16, 25 or 10 . . .How old is he? . . . The Impact of Trauma and Transience on Foster and Adopted Chi
Is it possible for a child to have more than one age? This may seem like a strange question to ask, but when considering kids who have come out of chaotic pasts, the question makes sense. Many of you foster and adoptive parents reading this are already getting my drift here. Many of us have parented—and are currently parenting—a child or children who, for lack of a better descriptor, “don’t act their age.” I like to use the illustration of an adolescent who may be chronologically 14 years old, who has the street smarts of a 25-year-old, but only has the emotional maturity/intelligence of an 8-year-old.
Why do so many adopted and foster kids have three ages? Why can’t they act their age? Simply put, for them, it’s not a matter of “won’t”, but instead a matter of “can’t”. Tons of valid research in recent years has shown us that children whose’ early years are characterized by trauma and transience have brains that do not develop normally. This can profoundly affect their emotional maturity and their ability to use critical thinking, or what is also termed as their brains’ “executive functioning” abilities. Many of them are subsequently forced to live by their wits—thus the 14-year-old who has the street smarts of a 25-year-old. I have been amazed at many of the kids I’ve worked with over the years and their incredible ability to have survived horrific living situations. Their survival skills have forced them to grow up fast—just like the kids we see in care who are parentified. Their necessary survival skills accelerate their “street smarts age.” In their minds, they had no option. However, these same street survival skills often work to their detriment when they are in a stable home.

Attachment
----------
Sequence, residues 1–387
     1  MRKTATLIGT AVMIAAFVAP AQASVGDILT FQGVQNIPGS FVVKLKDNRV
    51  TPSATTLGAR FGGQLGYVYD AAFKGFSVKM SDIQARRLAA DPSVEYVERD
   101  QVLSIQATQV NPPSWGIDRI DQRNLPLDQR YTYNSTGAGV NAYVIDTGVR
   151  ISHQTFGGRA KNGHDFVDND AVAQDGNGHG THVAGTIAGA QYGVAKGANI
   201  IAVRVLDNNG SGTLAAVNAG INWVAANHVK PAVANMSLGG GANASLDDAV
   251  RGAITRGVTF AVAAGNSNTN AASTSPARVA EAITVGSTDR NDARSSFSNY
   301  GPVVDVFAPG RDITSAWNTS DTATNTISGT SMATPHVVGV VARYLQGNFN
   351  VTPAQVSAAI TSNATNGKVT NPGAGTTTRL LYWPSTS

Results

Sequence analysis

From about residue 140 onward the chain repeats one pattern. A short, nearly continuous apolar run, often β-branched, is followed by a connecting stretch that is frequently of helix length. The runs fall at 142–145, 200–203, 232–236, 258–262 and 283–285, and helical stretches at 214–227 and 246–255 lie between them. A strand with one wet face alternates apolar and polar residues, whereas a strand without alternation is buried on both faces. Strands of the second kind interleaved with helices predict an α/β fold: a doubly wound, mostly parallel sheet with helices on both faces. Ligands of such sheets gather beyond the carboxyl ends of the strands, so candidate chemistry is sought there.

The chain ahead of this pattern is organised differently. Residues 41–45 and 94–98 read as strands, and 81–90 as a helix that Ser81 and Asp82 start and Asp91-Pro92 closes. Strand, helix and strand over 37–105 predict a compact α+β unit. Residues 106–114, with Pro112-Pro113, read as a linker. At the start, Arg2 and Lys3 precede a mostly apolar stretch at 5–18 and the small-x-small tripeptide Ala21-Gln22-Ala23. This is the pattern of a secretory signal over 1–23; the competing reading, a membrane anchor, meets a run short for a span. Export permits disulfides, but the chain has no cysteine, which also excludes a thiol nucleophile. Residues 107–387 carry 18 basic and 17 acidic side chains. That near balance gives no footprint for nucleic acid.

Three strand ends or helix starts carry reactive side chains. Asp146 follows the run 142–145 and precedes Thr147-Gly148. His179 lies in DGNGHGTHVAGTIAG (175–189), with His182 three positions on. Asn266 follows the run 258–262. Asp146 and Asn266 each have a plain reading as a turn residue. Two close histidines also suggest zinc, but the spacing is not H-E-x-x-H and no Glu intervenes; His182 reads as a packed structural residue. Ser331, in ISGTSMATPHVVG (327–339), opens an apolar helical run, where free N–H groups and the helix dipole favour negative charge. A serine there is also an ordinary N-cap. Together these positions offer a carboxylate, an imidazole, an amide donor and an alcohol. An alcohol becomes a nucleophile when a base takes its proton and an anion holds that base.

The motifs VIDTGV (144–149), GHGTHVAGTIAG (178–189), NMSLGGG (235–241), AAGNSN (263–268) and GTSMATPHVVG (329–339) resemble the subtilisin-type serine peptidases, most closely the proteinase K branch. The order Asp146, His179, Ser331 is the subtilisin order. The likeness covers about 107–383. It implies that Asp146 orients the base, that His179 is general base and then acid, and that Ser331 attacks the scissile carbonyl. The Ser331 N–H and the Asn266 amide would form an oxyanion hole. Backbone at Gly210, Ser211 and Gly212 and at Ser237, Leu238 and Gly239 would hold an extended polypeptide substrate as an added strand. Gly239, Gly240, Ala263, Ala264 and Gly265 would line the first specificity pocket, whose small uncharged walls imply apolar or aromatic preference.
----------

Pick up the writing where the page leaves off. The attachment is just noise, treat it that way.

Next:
How do we parent a child or teen who has three ages? The first thing to remember is to have empathy for their situation and where they’ve come from. As with love, empathy is not enough—but it is a necessary beginning. To help these kids grow and thrive, we must be patient. We must provide consistent structure, a predictable daily schedule and tons of encouragement even for the smallest baby steps in the right direction—all of which creates what Dr. Karyn Purvis calls “felt safety” in a child. In my next blog, I’ll share more specifics on how we can help our children’s emotional age catch up with their chronological age, as well as how we can help them reduce their fear-based “street-smarts” age. There is hope!